The affidavit must also show that evidence of the crime can be found at the place to be searched. See State v. Patterson, 83 Wash. 2d 49, 58, 515 P.2d 496 (1973). Direct observation is not necessary to establish a nexus between the place to be searched and the evidence sought. See State v. Gross, 57 Wash. App. 549, 554, 789 P.2d 317 (quoting United States v. Dubrofsky, 581 F.2d 208, 213 (9th Cir. 1978)), review denied, 115 Wash. 2d 1014 (1990). The relationship may be inferred from the type of crime, the nature of the items, and normal inferences as to where the articles sought would be located. See State v. O'Neil, 74 Wash. App. 820, 824-25, 879 P.2d 950 (1994), review denied, 125 Wash. 2d 1016 (1995). There must, however, be a "substantial factual basis for the ultimate Conclusion that the items sought are probably located at the place to be searched." State v. Larson, 29 Wash. App. 669, 671, 630 P.2d 485 (1981) (quoting State v. Peterson, 3 Wash. App. 946, 947, 478 P.2d 745 (1970)). A nexus between a suspect and a residence exists if the affidavit in support of the search warrant "provides probable cause to believe the suspect is involved in drug dealing and the suspect is either living there or independent evidence exists that the suspect may be storing records, contraband, or other evidence of criminal activity at the residence." O'Neil, 74 Wash. App. at 825.

The affidavit here fails. It sets forth no evidence that the Guertins' residence was being used for criminal activity. Nor does the affidavit show a nexus between the grow area and the Guertins' residence, located about 150 yards away. There is, for example, no evidence of a well worn path between the two locations. See United States v. Emmons, 24 F.3d 1210 (10th Cir. 1994) (probable cause existed to search defendant's home when "very distinct trails" led from house to 150 marijuana plants in woods); State v. Edwards, 575 A.2d 321 (Me. 1990) ("well defined, trodden path" led from marijuana plot to residence 150 yards away); State v. Pinder, 128 N.H. 66, 514 A.2d 1241 (1986) (extensive network of hoses and pipes led from growing marijuana to defendant's residence); see also State v. Harp, 299 Ore. 1, 697 P.2d 548, 553 (1985) (given distance of three-eighths of a mile, usual Conclusions between residence and plants in close proximity no longer exist).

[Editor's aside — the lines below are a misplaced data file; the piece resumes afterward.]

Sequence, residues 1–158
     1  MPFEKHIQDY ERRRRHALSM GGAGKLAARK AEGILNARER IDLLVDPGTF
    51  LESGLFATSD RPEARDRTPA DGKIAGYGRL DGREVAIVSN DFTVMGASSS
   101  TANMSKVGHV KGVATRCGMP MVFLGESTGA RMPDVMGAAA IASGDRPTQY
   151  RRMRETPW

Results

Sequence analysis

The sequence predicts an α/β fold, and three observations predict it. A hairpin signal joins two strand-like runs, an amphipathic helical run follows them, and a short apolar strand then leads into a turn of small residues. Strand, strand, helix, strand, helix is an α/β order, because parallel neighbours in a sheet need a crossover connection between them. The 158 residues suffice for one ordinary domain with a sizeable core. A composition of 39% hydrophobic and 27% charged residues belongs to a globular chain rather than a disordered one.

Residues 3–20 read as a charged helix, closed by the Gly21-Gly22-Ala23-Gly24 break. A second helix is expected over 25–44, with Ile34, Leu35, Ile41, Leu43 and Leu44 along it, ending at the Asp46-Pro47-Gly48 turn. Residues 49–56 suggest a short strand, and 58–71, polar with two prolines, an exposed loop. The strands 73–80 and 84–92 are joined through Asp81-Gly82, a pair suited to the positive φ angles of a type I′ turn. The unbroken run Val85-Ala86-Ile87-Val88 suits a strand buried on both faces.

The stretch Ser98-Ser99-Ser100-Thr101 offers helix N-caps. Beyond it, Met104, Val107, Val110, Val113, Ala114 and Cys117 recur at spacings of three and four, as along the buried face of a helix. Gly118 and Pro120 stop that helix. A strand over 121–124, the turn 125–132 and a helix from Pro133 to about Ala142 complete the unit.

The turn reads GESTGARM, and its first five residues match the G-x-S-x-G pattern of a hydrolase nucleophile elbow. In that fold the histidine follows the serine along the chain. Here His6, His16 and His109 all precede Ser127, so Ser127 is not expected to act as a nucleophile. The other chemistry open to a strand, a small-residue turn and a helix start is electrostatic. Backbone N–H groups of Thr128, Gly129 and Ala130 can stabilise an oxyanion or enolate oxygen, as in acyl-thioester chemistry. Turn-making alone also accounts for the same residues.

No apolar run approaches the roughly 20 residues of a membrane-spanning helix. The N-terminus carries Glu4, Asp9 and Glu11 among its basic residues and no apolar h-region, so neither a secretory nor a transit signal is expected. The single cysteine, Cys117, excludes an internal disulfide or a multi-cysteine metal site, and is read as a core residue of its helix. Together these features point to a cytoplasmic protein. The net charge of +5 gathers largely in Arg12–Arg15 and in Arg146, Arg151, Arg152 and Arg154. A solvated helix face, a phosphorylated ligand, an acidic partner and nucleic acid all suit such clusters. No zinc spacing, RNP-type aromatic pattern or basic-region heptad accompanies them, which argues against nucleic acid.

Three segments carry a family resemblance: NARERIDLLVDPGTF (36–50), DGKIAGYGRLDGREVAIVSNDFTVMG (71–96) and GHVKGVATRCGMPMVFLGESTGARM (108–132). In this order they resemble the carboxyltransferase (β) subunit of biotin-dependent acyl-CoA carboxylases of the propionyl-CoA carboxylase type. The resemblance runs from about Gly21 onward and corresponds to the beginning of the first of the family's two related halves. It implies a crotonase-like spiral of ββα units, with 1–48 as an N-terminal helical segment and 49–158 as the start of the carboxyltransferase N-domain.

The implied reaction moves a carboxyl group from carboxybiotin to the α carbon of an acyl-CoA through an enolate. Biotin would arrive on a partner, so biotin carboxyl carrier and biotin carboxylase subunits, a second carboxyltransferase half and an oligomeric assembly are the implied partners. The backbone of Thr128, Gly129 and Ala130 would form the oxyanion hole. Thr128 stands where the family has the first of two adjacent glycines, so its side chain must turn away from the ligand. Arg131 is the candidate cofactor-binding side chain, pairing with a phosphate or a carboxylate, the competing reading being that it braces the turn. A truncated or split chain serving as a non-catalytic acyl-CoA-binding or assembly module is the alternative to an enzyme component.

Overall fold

In fact, the only link between the grow area and the Guertins' house is police observation of two suspects matching the description of the Guertins "approaching" the area. The affidavit noted: "Soon after the Guertins went through the [fire danger] road block enroute to their residence on Lambert Creek Tom Craig observed two subjects . . . walk through the gate on Guertins' property, and approached the location of the marijuana plants . . . approximately 30 - 40 feet from the Guertin fence line . . . ." This statement does not support a finding that the Guertins were probably involved in criminal activity. There is no showing that the suspects, even if we assume they are the Guertins, tended to, watered or exercised any dominion or control over the easily transportable plants. The affidavit says only that they approached. It does not clarify whether the Guertins paused in the grow area, or simply approached the plants in the process of making their way toward their house. The affidavit here does not establish a sufficient nexus between the Guertins and the suspected criminal activity.

The court therefore erred in denying the Guertins' motion to suppress. The case is remanded for trial without the evidence seized in the search of the Guertin residence.

A majority of the panel has determined that this opinion will not be printed in the Washington Appellate Reports but it will be filed for public record pursuant to RCW 2.06.040.

Sweeney, ...